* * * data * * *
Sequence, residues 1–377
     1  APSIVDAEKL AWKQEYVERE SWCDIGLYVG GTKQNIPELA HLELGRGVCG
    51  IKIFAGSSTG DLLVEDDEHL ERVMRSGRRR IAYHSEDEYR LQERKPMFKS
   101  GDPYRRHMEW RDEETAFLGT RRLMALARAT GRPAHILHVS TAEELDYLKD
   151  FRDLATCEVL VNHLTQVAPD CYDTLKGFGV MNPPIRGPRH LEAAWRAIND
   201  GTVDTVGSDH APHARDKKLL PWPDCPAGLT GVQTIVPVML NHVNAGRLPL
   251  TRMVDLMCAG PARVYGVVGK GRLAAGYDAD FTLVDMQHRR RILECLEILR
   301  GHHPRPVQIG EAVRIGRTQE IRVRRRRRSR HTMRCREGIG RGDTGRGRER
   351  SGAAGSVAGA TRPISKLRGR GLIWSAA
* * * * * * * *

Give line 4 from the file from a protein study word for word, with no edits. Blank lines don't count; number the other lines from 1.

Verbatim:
   101  GDPYRRHMEW RDEETAFLGT RRLMALARAT GRPAHILHVS TAEELDYLKD